Kaizen: continuous improvement

Kaizen: a Japanese term meaning “change for the better” or “continuous improvement.” It is a Japanese business philosophy regarding the processes that continuously improve operations and involve all employees.

It is based on the belief that everything can be improved and nothing is status quo. It involves identifying issues and opportunities, creating solutions and rolling them out, and then cycling through the process again for other issues or problems that were inadequately addressed.

Ten principles of Kaizen

Because executing Kaizen requires enabling the right mindset throughout an organisation, 10 principles that address the Kaizen mindset are commonly referenced as core to the philosophy. These principles are:

  1. Let go of assumptions.
  2. Be proactive about solving problems.
  3. Don’t accept the status quo.
  4. Let go of perfectionism and take an attitude of iterative, adaptive change.
  5. Look for solutions as you find mistakes.
  6. Create an environment in which everyone feels empowered to contribute.
  7. Don’t accept the obvious issue; instead, ask “why” five times to get to the root cause.
  8. Cull information and opinions from multiple people.
  9. Use creativity to find low-cost, small improvements.
  10. Never stop improving.

When you first try to do something different, whether it’s changing a process, changing people’s mindsets or changing a corporate culture, it is critical that you get your people onboard. You need complete ownership and management team participation to drive any of these improvements.

Kaizen for continuous improvement

Kaizen can be implemented in a condensed four steps, known as PDCA / PDSA, the “Shewhart cycle” or “Deming cycle.” This iterative four-stage approach, for continually improving processes, products or services, involves systematically testing possible solutions, assessing the results, and implementing the ones that are shown to work.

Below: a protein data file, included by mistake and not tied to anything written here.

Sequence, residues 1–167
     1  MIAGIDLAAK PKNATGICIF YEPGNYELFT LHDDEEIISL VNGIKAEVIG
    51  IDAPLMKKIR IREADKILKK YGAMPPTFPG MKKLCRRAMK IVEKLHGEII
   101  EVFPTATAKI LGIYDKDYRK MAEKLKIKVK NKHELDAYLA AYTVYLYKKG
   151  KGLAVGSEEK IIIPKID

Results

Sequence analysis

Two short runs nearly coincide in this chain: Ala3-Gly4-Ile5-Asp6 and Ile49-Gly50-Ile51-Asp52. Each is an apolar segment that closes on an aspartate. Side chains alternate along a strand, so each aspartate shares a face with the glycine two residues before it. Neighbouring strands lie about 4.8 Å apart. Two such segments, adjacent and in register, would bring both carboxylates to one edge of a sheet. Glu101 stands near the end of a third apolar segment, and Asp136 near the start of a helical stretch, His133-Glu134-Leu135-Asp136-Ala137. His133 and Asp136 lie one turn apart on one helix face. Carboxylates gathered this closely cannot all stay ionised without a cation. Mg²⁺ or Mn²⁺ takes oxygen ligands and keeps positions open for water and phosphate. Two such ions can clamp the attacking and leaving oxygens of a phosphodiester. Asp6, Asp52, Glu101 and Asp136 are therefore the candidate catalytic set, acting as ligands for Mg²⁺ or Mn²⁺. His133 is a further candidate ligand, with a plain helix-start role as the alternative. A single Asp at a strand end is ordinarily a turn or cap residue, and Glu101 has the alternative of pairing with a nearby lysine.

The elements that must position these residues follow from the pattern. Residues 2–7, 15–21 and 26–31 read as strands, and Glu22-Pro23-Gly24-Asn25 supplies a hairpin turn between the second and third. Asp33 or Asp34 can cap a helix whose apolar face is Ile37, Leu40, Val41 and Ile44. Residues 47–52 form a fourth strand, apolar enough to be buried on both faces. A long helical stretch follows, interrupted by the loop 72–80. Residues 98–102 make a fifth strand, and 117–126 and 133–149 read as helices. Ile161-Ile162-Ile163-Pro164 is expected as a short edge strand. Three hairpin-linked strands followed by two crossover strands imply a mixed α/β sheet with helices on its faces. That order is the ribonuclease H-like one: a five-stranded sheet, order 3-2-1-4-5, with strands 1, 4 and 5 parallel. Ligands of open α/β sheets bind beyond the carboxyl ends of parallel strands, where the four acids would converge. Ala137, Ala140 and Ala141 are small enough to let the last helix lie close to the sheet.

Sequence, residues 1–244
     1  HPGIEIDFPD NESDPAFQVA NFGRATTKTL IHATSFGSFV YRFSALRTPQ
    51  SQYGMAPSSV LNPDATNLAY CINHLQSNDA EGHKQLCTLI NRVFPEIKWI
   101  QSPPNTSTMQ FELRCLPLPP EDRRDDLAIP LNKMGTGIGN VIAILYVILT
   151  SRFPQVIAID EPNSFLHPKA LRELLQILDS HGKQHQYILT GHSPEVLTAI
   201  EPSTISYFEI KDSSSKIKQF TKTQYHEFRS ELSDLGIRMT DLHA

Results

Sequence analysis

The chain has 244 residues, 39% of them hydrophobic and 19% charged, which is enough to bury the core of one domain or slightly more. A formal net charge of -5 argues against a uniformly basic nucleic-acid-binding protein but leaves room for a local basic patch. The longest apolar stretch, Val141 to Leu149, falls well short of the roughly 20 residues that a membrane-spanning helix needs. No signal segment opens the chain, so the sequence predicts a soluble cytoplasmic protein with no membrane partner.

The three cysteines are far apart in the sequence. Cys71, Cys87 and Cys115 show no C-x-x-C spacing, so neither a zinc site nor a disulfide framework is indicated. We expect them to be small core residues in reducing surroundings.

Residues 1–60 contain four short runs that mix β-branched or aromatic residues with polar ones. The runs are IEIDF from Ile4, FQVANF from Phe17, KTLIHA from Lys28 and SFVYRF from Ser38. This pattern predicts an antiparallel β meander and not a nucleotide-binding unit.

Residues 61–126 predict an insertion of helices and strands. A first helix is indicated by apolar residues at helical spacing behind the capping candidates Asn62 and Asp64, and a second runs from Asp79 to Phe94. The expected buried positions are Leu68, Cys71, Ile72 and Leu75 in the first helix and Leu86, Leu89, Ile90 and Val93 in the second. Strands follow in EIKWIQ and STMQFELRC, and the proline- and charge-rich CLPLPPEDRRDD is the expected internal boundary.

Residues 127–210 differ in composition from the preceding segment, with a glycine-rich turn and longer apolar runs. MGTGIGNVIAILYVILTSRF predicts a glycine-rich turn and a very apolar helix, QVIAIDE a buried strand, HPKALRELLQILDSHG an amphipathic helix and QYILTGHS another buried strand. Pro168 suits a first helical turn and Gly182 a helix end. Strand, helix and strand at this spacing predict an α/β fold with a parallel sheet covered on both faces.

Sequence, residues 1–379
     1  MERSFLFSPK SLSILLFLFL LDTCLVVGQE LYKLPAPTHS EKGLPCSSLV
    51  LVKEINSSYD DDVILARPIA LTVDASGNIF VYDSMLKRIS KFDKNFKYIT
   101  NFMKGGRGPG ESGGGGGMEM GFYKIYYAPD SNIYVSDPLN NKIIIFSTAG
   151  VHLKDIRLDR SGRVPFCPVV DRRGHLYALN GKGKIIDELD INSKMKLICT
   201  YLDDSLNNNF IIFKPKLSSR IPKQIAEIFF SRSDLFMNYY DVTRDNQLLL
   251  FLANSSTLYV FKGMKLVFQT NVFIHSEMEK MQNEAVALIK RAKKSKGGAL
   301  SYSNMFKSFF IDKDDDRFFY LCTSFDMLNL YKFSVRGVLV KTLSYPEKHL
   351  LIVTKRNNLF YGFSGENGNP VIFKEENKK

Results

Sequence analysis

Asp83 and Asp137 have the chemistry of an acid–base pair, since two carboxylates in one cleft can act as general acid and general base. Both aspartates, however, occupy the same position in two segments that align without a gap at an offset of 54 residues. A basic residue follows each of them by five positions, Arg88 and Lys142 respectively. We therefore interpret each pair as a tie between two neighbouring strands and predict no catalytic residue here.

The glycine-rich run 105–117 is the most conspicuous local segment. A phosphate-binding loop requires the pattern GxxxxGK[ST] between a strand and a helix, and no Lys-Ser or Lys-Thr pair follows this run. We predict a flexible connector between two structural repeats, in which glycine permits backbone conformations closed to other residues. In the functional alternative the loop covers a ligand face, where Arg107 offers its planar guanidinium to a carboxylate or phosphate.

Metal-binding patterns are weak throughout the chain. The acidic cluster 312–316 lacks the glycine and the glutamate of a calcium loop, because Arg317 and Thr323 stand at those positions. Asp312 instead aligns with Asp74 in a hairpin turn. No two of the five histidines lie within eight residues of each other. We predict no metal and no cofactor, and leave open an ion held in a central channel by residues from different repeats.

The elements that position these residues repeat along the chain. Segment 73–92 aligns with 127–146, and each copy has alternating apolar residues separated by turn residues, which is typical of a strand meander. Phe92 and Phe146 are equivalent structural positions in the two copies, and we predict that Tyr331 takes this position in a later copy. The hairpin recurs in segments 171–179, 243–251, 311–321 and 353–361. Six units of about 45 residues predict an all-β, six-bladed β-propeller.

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Via: MindTools

The four phases are:

  • Plan: Identify and analyze the problem or opportunity, develop hypotheses about what the issues may be, and decide which one to test.
  • Do: Test the potential solution, ideally on a small scale, and measure the results.
  • Check/Study: Study the result, measure effectiveness, and decide whether the hypothesis is supported or not.
  • Act: If the solution was successful, implement it.

Kaizen is a philosophy that supports continuous, incremental process changes that sustain a high level of efficiency. At one level kaizen can help you personally improve the way you work by eliminating “waste”. At the organisational level, kaizen can be a powerful team-approach that harnesses suggestions and involvement from people at every level. Wide participation can serve to improve morale and satisfaction as much as it improves production, costs, and other hard measures. If you choose to bring kaizen into your workplace, you’ll be surprised at how big an impact small changes can make, and how the culture of continuous improvement can thrive.



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